Thursday, February 09, 2012

Union with Christ


  1. I've listened to this and the two follow up programmes, and I'm still not sure what Horton's position is. Understanding what Tipton believes is much easier, even if I don't always agree with it.

    Where do you stand on the Union debate?

  2. "Union with Christ" is something of a verbal placeholder or umbrella term. It summarizes a number of doctrines feeding into it.

    Our union with Christ is grounded in election and redemption. Christ died to redeem the elect. That, in turn, forms the basis for all the other spiritual blessings that the elect enjoy, viz. regeneration, adoption, justification, propitiation, sanctification, perseverance, glorification.

    There's also a sense in which we're united with Christ through regeneration. Election and redemption objectively unite us to Christ while regeneration subjectively unites us to Christ.

    A more detailed explication of our union with Christ would have to detail the soteric categories which comprise union. We'd define union at the level of the constituent categories, for union isn't something over and above the categories which comprise it. Rather, union is a construct that's abstracted from those constituent categories.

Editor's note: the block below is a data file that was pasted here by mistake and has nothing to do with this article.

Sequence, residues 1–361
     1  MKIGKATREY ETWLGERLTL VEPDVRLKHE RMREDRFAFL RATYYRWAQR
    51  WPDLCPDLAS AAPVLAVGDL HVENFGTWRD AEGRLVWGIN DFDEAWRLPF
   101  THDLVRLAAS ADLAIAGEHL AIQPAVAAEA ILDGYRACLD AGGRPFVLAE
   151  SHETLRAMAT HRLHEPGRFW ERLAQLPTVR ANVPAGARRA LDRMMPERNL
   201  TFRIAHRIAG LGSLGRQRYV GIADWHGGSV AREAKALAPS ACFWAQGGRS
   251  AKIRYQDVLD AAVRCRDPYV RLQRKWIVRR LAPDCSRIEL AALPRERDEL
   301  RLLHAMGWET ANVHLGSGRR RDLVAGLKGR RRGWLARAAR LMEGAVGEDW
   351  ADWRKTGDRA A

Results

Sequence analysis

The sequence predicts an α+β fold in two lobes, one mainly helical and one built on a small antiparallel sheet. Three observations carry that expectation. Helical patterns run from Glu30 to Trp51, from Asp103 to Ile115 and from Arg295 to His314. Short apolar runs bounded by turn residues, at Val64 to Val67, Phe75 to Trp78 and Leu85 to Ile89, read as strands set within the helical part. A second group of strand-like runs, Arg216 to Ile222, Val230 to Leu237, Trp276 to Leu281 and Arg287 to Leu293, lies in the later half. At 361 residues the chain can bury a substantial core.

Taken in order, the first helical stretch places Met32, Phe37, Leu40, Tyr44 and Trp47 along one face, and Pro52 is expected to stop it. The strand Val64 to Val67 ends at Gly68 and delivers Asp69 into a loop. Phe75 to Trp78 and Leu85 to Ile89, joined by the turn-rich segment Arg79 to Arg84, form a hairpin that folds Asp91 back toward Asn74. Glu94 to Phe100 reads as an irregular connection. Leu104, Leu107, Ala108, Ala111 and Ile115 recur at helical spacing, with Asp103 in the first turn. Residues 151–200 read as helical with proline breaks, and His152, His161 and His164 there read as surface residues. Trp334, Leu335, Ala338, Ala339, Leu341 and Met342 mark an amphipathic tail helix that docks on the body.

3. The language of union has never been very clear to me. I can understand union in a marriage or earthly adoption. The union of a marriage is something like the vows that constitue the covenant, right? The union of adoption is the forensic declaration by the courts, right?

    But theologians don't seem to be using union in this way, even though they acknowledge that these are pictures of union with Christ. Tipton and Horton for instance describe union as the basis for adoption, not as synonymous with it. And if we tie it to the covenant where do we place it? At the pactum salutis? At the inauguration of the new covent or the historian salutis? At the application of our redemption in the ordo salutis?

    You speak of it as being grounded in election and redemption, but I'm not sure what this means either. Is Christ's death to redeem the elect identified with the union, a result of the union, or the basis for the union?